OTTAWA (Reuters) - Canada urged its top trading partner, the United States, on Tuesday to steer clear of defaulting on its debt to avoid “disruptions” to the global economy.
Finance Minister Jim Flaherty told reporters he had spoken with his U.S. counterparts in Congress and budget officials in the Obama administration to encourage them to “work something out.”
“This is not just a procedural matter. This has some consequences,” Flaherty told reporters when asked about the possibility of the U.S. missing a debt payment.
“We don’t need any more disruptions in the world economy these days,” he said.
Flaherty will head to New York on Wednesday to give a speech there.
His comments came as U.S. Vice President Joe Biden and a bipartisan group of lawmakers stepped up negotiations to find a deal that would allow Congress to raise the debt ceiling by an August 2 deadline, when the United States could start defaulting on its obligations.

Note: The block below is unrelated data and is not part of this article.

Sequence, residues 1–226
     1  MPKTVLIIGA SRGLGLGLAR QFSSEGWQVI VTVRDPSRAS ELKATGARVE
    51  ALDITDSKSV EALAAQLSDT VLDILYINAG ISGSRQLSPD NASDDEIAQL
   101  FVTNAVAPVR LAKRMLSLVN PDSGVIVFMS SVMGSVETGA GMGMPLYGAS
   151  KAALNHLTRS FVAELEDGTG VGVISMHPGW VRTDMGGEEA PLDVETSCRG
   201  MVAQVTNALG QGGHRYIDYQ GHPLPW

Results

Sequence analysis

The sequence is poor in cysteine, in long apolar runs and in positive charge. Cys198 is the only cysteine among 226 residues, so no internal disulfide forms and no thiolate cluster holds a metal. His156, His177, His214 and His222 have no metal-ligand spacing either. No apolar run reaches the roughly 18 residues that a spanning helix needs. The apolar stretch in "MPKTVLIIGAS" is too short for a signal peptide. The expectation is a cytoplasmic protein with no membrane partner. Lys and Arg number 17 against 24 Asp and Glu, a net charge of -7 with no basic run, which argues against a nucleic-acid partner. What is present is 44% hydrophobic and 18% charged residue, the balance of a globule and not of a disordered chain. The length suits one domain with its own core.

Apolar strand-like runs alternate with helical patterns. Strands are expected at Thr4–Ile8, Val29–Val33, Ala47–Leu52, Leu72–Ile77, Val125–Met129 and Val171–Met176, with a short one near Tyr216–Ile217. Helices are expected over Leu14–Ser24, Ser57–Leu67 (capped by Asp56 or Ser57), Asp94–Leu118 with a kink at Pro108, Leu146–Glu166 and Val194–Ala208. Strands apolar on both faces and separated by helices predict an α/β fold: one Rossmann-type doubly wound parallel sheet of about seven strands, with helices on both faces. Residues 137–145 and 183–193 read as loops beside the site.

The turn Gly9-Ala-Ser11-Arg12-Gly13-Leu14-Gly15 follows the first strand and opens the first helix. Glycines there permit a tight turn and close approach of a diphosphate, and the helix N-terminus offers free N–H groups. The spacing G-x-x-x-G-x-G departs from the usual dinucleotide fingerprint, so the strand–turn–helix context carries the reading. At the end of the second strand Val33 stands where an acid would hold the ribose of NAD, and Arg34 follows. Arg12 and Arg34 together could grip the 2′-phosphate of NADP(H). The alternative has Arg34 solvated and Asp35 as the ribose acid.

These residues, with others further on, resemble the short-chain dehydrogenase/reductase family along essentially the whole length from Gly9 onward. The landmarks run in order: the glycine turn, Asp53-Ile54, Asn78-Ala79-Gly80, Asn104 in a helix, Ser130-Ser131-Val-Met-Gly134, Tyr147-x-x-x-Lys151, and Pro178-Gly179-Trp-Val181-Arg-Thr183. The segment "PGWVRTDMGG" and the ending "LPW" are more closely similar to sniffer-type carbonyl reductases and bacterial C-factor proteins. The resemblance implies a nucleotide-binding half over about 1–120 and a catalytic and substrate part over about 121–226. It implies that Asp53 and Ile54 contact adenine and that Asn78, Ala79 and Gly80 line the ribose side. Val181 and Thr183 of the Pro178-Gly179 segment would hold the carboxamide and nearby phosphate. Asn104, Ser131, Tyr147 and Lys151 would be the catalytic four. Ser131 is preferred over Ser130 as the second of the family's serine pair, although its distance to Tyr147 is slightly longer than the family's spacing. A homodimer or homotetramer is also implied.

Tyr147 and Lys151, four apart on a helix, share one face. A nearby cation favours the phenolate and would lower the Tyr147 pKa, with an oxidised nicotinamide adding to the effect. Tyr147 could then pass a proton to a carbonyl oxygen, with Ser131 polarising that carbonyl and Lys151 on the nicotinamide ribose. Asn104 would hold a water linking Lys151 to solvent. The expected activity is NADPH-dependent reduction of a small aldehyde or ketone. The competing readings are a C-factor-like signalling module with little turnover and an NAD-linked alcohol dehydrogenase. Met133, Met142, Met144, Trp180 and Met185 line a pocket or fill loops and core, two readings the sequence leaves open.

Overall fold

For this year, the U.S. deficit is expected to reach $1.4 trillion.
Canada’s budget deficit is tiny by comparison, at about 2 percent of gross domestic product and Flaherty has promised to return to surplus by 2014-15.
Consumer debt from mortgages has emerged as a bigger concern domestically, and Flaherty warned consumers not to get too deeply into debt when buying a house.
“We need to remind Canadians that historic low interest rates will not be there forever, that interest rates really only have one way to go and that’s up,” he said.
He said there were signs that other forms of consumer credit were abating.
Reporting by Louise Egan; editing by Rob Wilson